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Support for Iraq policy dives after Katrina
Updated: 2005-09-22 06:54

WASHINGTON - U.S. public support for President George W. Bush's Iraq policy has nosedived in the aftermath of Hurricane Katrina, but this seems unlikely to force the administration to change tack, political analysts said on Wednesday. Reuters reported.

Support for Iraq policy dives after Katrina
President George W. Bush is shown around at the back-in-operation Folgers Coffee Plant by operations manager Bart Blackstone (R) in New Orleans September 20, 2005. [Reuters]
"Katrina has changed many things but I don't think it will change Iraq policy. There is almost no elasticity in that policy," said Danielle Pletka of the conservative American Enterprise Institute, an acknowledged supporter both of Bush and his Iraq policy.

Political scientist Cal Jillson of Southern Methodist University agreed. "There's no way back for Bush on Iraq. He can't run away from that policy. He has to secure something he can plausibly point to as success."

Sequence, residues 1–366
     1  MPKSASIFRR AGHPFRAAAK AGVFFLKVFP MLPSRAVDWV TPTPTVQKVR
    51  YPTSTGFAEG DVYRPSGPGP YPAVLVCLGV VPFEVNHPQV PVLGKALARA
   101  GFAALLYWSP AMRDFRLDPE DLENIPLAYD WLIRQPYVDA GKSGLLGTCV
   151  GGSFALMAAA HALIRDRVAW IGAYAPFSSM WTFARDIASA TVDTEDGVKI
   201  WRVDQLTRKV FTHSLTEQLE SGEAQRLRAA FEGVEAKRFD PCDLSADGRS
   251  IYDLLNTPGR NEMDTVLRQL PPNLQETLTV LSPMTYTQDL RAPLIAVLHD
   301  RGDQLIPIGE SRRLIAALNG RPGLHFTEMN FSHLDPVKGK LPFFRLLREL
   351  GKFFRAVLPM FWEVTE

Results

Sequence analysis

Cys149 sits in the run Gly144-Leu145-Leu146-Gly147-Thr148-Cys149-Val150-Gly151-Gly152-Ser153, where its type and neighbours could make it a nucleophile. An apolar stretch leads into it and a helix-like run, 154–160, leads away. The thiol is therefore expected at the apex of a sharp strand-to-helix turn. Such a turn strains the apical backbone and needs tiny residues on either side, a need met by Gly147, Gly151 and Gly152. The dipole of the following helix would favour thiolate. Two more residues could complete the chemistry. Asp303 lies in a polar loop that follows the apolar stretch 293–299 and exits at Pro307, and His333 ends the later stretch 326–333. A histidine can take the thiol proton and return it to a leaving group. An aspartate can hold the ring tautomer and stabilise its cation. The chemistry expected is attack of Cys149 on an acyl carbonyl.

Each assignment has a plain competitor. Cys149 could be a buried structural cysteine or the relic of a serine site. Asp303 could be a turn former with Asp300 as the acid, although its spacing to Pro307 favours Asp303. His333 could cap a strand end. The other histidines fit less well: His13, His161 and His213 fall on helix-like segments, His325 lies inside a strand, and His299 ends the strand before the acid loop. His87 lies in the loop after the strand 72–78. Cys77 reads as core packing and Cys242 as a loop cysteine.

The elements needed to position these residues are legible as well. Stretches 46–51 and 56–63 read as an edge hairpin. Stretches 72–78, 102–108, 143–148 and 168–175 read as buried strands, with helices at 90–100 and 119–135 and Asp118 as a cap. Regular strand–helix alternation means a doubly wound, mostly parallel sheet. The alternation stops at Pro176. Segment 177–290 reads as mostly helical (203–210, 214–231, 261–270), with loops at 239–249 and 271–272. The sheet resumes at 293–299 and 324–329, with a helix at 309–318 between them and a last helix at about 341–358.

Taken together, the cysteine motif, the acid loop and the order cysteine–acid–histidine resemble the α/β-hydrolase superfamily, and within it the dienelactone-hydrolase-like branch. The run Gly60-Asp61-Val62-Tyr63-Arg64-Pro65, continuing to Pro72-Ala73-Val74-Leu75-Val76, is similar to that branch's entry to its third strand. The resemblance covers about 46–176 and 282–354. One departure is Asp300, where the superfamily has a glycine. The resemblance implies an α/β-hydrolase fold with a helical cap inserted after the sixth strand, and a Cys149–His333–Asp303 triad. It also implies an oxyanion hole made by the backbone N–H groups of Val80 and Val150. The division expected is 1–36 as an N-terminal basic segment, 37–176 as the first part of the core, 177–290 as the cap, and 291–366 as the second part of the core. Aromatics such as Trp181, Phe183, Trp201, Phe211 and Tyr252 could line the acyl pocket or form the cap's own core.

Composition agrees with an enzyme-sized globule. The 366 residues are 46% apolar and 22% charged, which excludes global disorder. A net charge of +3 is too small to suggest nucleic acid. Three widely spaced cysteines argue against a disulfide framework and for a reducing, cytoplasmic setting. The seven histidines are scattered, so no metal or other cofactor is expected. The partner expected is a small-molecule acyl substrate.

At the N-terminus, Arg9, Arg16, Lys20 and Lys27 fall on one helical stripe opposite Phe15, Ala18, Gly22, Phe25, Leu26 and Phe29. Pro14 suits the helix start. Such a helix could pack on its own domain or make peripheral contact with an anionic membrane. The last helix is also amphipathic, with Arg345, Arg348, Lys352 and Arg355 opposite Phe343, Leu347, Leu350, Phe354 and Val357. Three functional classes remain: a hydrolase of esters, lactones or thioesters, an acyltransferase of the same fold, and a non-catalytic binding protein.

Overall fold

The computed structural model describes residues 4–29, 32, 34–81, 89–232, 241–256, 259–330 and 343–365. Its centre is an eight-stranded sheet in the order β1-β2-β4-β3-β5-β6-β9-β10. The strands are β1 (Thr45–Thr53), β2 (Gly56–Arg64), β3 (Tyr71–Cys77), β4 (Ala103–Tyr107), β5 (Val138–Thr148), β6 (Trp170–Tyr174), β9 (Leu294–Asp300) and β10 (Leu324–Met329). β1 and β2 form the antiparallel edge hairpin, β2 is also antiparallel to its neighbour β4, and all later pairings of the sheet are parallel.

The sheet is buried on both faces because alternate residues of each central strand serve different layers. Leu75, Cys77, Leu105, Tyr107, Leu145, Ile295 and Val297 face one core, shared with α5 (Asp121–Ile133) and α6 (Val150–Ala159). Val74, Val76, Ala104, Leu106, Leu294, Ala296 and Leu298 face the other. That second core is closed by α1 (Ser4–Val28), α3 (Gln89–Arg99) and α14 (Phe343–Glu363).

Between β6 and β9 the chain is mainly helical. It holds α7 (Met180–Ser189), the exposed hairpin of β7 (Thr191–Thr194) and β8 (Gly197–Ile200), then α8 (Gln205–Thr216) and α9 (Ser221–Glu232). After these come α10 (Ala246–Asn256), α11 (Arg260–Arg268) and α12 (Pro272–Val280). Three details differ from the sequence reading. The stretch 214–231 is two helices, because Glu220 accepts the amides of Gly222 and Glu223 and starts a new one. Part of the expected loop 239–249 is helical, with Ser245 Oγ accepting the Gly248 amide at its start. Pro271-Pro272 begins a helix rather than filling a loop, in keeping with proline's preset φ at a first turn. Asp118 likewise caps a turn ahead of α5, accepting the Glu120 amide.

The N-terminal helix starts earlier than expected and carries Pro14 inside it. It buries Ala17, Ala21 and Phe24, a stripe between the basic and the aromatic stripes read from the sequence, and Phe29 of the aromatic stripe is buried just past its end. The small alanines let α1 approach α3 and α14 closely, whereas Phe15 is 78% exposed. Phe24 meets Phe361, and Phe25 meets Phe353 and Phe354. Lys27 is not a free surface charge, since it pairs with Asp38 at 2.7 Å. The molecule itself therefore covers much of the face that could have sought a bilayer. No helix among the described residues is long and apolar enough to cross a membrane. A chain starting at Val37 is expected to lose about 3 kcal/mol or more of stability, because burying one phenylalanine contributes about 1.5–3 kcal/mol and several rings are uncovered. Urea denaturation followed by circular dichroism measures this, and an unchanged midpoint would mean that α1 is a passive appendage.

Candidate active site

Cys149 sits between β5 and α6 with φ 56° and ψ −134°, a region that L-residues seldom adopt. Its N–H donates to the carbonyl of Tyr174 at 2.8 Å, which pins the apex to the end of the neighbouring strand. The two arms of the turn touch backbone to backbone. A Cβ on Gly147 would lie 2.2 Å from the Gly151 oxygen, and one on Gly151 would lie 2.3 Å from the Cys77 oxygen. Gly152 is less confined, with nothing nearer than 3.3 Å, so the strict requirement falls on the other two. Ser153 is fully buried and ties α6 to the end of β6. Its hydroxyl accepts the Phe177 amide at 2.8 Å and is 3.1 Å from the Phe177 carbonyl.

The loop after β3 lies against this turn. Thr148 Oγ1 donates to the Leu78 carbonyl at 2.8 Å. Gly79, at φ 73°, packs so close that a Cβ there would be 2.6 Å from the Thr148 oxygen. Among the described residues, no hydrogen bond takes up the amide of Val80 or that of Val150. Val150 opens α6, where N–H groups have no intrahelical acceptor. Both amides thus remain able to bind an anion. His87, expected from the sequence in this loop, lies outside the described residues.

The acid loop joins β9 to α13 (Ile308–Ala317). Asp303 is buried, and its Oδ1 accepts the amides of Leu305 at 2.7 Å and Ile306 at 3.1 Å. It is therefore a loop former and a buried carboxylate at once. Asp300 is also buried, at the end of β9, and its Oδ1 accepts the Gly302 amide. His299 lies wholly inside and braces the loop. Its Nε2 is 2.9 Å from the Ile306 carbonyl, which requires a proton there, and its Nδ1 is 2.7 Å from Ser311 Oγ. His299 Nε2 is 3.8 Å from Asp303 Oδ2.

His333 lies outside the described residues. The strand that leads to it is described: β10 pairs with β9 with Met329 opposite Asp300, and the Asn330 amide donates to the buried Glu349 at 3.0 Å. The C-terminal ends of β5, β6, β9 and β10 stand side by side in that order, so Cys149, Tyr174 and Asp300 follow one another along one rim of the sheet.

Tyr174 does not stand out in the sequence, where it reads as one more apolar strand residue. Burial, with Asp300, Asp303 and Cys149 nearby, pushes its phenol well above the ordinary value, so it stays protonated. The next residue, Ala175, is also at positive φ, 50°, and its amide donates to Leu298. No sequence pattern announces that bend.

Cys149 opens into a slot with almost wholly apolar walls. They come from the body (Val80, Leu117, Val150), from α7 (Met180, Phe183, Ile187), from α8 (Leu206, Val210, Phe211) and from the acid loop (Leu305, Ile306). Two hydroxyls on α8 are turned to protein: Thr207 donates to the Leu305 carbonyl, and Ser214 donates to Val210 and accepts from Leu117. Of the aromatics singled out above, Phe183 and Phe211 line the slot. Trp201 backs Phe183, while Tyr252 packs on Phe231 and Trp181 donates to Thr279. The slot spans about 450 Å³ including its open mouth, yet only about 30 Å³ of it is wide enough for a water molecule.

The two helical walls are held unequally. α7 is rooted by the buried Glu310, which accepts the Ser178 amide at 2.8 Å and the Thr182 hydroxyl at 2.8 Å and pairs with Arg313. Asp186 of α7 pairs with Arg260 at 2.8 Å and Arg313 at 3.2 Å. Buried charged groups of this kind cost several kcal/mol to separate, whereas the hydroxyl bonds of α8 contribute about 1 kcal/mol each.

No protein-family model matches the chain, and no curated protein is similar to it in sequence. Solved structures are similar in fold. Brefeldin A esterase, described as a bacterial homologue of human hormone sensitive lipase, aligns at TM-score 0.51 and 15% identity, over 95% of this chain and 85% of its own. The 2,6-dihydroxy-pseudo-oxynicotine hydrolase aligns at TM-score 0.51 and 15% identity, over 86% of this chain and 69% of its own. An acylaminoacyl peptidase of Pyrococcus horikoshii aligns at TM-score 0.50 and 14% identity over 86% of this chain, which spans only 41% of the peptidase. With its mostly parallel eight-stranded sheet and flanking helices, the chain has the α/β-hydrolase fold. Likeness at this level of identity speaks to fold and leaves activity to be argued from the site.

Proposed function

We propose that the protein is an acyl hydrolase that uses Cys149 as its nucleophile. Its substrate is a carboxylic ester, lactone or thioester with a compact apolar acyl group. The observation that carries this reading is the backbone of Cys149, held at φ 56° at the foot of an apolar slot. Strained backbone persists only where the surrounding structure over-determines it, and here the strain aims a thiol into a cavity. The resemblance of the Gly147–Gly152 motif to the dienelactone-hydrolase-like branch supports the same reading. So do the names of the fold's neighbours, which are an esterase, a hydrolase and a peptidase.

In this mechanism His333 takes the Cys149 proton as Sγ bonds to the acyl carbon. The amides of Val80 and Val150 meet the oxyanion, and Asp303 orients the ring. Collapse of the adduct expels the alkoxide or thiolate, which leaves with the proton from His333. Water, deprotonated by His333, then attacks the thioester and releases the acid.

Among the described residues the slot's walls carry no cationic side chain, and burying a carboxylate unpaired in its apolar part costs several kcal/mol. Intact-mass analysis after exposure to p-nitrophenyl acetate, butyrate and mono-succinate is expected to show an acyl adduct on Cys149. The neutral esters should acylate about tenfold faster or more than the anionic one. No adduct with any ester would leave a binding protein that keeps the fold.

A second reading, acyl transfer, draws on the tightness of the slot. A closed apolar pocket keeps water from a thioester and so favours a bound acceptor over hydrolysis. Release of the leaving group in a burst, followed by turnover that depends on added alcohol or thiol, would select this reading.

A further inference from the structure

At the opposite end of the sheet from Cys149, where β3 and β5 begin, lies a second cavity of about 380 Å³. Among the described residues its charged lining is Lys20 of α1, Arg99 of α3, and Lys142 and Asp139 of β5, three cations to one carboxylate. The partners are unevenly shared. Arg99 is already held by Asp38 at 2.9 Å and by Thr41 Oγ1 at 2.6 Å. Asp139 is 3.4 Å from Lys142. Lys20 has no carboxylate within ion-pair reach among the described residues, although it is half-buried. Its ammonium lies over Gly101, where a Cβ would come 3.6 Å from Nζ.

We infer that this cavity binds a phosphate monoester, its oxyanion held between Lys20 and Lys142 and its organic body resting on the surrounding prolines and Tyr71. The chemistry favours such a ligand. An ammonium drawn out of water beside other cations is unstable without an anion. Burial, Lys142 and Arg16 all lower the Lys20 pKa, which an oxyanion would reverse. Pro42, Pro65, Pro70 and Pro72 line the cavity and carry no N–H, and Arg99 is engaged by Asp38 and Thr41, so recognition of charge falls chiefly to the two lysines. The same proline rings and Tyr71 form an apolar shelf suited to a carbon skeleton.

Public support for the president on Iraq had been gradually eroding in the past year as the U.S. military death toll mounted toward 2,000 and little progress was made in stopping a bloody insurgency that began soon after the 2003 invasion.

But backing for his policy, that U.S. troops would stay until Iraqis can establish a government and army that can govern and defend itself, has dropped dramatically since Katrina devastated Louisiana and Mississippi.

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